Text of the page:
Here’s Dorie’s recipe for caramel pots de crème, which is not too different from what’s in the book. Just melt 4 oz of white chocolate with 1/2 cup of the cream and add when you temper the eggs.

A Year On

The incense sticks are nibbled down by orange embers, and the smoke is thick in my throat. Smoke dissipates up toward the mantle, where the ashes are, between two candlesticks. The left one is burning more quickly. Tears are on the verge of cascading down my face, but I hate crying in front of people.

A year on. I can pretend nothing’s changed during the week, but the silence on Skype every weekend is overwhelming. A few weeks ago, I stumbled upon the last messages he sent. Nothing super special, but they were his words. The messages are old though, and the damn Internet has probably deleted them.

Now I understand why people still call just to listen to their loved one’s voicemail. Why they scroll through their social media feeds, why they keep the emails. Even the clothes.

We cleaned out the closet, Nye Nye and me, and hauled a trunkful of clothes to Salvation Army. Driving away, I felt like I was leaving a small piece of him behind in the blazers and shirts I had placed in the bin, left to warm in the blazing, muggy heat of summer.

The candles are extinguished, but the haziness of the incense remains, lingering, a memory. We embark on year two without you, but that doesn’t get easier. The world still turns like nothing has changed, but I think of you every day.

Junior (*gulp*) Year Reflections

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Me oh my, what a year.

As is often the case around here, it’s been a while, friends. I’ll make my excuses, but it’s up to you to decide whether or not they’re good.

After returning from France (and currently plotting my way back!!), I jumped into the deep end with intro classes for journalism. I filled out the paperwork in France and enrolled in a poorly-orchestrated schedule of my own design. Lesson: it’s okay to take things slow. That was a lesson gleaned in hindsight, because as they say, hindsight is 20/20. Although, I’d still question mine, because my regular eyesight is horrendous and I’d wager I’m legally blind without my glasses.

All classes except one required a good deal of reporting, so I spent most of the semester running around both Boston and Cambridge doing research, interviewing sources, gathering photos, and then plunking down on my bed for hours to organize, draft, edit, and do more research. I was a grumpy cat this semester.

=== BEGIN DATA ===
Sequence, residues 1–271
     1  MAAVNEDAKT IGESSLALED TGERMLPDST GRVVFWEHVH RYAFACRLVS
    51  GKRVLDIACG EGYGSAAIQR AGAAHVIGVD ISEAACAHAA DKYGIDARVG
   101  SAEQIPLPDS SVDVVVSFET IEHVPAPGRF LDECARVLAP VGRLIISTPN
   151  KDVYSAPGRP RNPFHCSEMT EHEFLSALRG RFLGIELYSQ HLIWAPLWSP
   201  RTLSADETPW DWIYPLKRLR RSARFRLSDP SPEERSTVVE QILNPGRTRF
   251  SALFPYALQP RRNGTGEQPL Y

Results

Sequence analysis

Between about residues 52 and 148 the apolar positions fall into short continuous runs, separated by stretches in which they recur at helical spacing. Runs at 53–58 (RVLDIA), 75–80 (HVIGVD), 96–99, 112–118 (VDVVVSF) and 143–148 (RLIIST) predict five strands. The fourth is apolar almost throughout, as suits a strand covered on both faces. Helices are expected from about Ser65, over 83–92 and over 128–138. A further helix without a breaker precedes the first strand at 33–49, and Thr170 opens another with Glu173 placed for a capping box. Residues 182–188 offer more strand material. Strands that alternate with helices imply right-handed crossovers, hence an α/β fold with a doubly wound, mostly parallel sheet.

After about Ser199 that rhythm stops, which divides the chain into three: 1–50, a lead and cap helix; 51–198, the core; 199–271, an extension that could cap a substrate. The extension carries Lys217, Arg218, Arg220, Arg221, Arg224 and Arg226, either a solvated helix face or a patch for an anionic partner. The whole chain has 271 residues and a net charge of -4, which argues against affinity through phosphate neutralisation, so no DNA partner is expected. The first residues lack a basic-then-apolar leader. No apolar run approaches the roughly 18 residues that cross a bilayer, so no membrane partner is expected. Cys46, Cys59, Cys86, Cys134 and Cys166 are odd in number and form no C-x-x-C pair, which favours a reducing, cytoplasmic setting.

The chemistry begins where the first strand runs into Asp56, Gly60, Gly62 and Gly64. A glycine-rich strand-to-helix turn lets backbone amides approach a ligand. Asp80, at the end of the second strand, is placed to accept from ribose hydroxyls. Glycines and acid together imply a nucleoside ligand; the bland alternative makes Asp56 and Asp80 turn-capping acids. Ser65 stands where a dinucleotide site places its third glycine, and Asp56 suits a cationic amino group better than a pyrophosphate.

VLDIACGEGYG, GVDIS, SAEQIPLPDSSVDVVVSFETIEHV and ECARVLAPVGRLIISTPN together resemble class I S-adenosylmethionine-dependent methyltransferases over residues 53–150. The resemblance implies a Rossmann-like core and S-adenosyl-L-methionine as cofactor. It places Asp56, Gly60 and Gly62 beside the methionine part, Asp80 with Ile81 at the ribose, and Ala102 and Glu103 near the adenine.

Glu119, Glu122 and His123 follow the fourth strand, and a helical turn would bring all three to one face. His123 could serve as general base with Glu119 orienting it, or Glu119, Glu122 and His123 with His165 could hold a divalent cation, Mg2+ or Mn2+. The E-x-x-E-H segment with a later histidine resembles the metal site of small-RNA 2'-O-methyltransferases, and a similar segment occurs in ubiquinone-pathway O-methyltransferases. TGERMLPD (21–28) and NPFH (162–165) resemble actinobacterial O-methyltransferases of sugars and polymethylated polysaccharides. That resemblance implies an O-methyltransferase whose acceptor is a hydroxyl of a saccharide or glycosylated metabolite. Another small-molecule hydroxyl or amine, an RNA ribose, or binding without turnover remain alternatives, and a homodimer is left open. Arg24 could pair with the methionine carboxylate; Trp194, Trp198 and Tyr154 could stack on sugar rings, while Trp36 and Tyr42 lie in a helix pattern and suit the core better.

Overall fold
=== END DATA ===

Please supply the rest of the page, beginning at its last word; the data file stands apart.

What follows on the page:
Despite my grumpy cat status, it was a transformative semester, academically speaking. I learned a lot. I had the pleasure of making acquaintances I otherwise would have passed by. I finally understood what it meant to love something because I love writing. As much as the workload was stressful, I never felt obliged nor burdened. Starting assignments was difficult at times, but always immensely satisfying in a way other fields (except French) have never been.

That being said, I don’t know if I want to go into journalism as a full-time career, but I’ve picked up techniques, sharpened my writing skills, and learned so much. I’m grateful for that, and though I hate uncertainty and volatility, the biggest lesson of this year has been that God is faithful.

Faithful as in, He may not follow your plans, but He never ceases to walk along side you. Many times this semester I thought I would have a meltdown. Not a tantrum, but a committed-to-an-institution meltdown. There were too many things out of my control (and that are still out of my control) this past year, and while God has not provided answers, he has provided, graciously, peace beyond understanding.

I freely admit I detest- no, abhor- the lack of answers. Often I find myself enraged. But I have also received His peace, a soft whisper to my heart, telling me not to worry. Against my mind’s better judgement, my heart listened.

The second thing I’ve learned is that you have something to say. I’ve never believed that I have anything to say. I don’t like trouble. I’ll take things as they come. But this semester I’ve had to deal with confrontation and contribution as I’ve bumbled my way through membership on the Navigators’ student leadership team. That itself was surprising because I almost quit on two occasions. But it was probably one of the better decisions I made this semester.

My last takeaway (although there are many more), is not profound. Only this: it’s never too late to start.

I’ve been telling myself since freshman year that I would write for the school newspaper, but never mustered up the courage to join. Well, this semester, I did, and wrote for the features section. It’s not a huge accomplishment by any means, but I’m proud of myself for following through with a small goal.

Also, I lied. There’s one more thing- let life surprise you. It’s part of the adventure.

[Changes are coming to this little site of mine. Hope you’ll stick around. xxx]

 

Paris is Always a Good Idea

Contrary to what the silence on the blog may have led you to believe, much has happened since Montpellier. Lots of exams! But, after exams came 10 glorious days of vacation, one of which I spent in my favorite city.